Hundreds of thousands of high school seniors in South Korea had their temperature checked and rubbed their hands with sanitizer as they returned to school Wednesday, many for the first time since late last year after their new term was repeatedly pushed back by the coronavirus pandemic.
Students and teachers were required to wear masks and some schools installed plastic partitions around desks. In a reminder that the so-called “new normal” was anything but, more than 60 schools near Seoul quickly sent their students home as a precaution after two students who hadn’t even attended class were found infected.
A phased reopening of South Korean schools is expected to be complete by June 8, and comes as the number of new infections in the country has fallen to around 30 per day, down from hundreds each day in early March.
The resumption of once-routine aspects of daily life that were upended by the pandemic has picked up speed in recent weeks, as governments and communities try to strike a balance between keeping infections from flaring anew and allowing economies to function.
What a return to normal looks like varies widely, from migrant workers in India finally able to catch trains back to their home villages to wealthy shoppers in Maseratis and Rolls-Royces returning to the boutiques of America’s iconic Rodeo Drive in Beverly Hills.
As the debate about how fast to reopen rages in the U.S., public health officials in some states there have been accused of bungling coronavirus infection statistics or even using a little sleight of hand to deliberately make things look better than they are.
The risk is that politicians, business owners and ordinary Americans who are making decisions about lockdowns and other day-to-day matters could be left with the impression that the virus is under more control than it actually is.
In Virginia, Texas and Vermont, for example, officials said they have been combining the results of viral tests, which show an active infection, with antibody tests, which show a past infection. Public health experts say that can make for impressive-looking testing totals but does not give a true picture of how the virus is spreading.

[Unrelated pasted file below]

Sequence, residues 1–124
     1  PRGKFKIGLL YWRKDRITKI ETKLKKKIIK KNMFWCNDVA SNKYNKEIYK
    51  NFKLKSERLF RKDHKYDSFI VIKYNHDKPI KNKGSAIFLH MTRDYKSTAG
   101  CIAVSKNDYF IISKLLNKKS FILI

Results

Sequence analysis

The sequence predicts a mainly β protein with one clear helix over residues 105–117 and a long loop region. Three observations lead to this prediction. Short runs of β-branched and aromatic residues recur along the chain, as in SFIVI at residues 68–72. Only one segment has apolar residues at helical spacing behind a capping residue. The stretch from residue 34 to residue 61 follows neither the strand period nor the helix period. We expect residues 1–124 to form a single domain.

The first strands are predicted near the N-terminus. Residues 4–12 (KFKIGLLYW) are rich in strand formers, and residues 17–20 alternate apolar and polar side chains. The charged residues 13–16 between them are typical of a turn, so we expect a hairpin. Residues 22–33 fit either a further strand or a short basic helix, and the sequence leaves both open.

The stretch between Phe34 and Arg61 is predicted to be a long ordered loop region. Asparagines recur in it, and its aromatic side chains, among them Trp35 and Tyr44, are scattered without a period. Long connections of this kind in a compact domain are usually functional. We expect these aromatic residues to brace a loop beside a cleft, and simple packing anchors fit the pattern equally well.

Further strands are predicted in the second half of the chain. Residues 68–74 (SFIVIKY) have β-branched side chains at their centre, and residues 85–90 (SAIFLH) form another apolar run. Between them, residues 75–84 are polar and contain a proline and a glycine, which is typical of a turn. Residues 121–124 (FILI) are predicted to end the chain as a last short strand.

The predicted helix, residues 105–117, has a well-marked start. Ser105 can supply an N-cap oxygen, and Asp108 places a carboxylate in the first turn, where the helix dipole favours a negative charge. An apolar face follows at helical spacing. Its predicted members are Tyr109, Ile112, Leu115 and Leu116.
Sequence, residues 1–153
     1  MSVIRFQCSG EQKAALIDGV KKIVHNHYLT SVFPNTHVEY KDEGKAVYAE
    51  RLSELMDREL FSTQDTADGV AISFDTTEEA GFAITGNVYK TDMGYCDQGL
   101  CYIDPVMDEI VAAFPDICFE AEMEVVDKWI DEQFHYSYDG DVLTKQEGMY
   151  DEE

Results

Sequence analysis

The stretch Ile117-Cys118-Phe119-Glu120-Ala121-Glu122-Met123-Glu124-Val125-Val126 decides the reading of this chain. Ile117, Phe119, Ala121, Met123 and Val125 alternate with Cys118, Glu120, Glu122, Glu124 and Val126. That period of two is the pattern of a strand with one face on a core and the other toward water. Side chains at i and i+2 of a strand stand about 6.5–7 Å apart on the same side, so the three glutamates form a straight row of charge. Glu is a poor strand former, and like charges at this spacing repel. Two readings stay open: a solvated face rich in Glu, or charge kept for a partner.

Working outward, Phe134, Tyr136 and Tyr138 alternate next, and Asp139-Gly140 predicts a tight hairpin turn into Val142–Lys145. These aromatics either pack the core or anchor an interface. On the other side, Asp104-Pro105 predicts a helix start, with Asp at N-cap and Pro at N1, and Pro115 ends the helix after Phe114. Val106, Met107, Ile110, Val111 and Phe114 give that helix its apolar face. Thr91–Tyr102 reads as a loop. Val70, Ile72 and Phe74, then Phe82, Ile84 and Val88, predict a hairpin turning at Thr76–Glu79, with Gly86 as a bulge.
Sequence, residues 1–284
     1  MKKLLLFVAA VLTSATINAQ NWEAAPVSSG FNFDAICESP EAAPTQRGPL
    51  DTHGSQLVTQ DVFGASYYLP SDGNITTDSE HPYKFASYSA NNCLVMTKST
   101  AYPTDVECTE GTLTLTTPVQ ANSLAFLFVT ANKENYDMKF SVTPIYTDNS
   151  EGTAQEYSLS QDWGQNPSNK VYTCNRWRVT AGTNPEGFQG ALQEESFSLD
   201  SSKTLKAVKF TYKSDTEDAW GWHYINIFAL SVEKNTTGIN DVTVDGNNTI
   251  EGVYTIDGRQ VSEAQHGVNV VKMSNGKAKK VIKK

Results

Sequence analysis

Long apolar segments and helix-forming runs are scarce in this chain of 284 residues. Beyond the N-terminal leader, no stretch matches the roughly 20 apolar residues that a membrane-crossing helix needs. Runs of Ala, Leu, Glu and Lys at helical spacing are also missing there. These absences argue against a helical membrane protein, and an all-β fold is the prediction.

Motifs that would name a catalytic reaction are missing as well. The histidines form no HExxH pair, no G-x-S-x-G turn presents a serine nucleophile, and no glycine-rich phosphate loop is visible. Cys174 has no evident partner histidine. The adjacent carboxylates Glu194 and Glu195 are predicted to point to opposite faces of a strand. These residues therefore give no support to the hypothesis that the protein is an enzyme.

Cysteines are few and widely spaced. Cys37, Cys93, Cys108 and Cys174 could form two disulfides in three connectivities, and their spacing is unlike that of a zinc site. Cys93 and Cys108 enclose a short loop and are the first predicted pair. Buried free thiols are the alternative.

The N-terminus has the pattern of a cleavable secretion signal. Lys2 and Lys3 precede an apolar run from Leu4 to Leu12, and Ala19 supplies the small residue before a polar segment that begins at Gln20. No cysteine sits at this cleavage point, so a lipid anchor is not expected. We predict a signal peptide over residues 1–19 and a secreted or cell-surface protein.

In Florida, the data scientist who developed the state’s coronavirus dashboard, Rebekah Jones, said this week that she was fired for refusing to manipulate data “to drum up support for the plan to reopen.” Calls to health officials for comment were not immediately returned Tuesday.
In Georgia, one of the earliest states to ease up on lockdowns and assure the public it was safe to go out again, the Department of Public Health published a graph around May 11 that showed new COVID-19 cases declining over time in the most severely affected counties. The daily entries, however, were not arranged in chronological order but in descending order.
For example, the May 7 totals came right before April 26, which was followed by May 3. A quick look at the graph made it appear as if the decline was smoother than it really was. The graph was taken down within about a day.
Georgia state Rep. Jasmine Clark, a Democrat with a doctorate in microbiology, said the graph was a “prime example of malfeasance.”
“Sadly it feels like there’s been an attempt to make the data fit the narrative, and that’s not how data works,” she said.
Republican Gov. Brian Kemp’s office denied there was any attempt to deceive the public.
Guidelines from the Trump administration say that before states begin reopening, they should see a 14-day downward trend in infections. However, some states have reopened when infections were still climbing or had plateaued. States have also been instructed to expand testing and contact tracing.
Jennifer Nuzzo, a senior scholar at the Johns Hopkins Center for Health Security, said a lot of these cases are not necessarily the result of any attempt to fool the public. For example, she said, states may not have updated information systems that allow them to tell the difference between an antibody test and a viral test.
Still, if states are mixing a lot of testing numbers together, “you’re not going to be able to make good decisions about reopening and about what level of disease you have in the community,” Nuzzo said.
More than 4.9 million people worldwide have been confirmed infected by the virus, and more than 320,000 deaths have been recorded, according to a tally by Johns Hopkins University that experts believe is too low.
Russia and Brazil are now behind only the United States in the number of reported infections, and cases are also spiking in such places as India, South Africa and Mexico.
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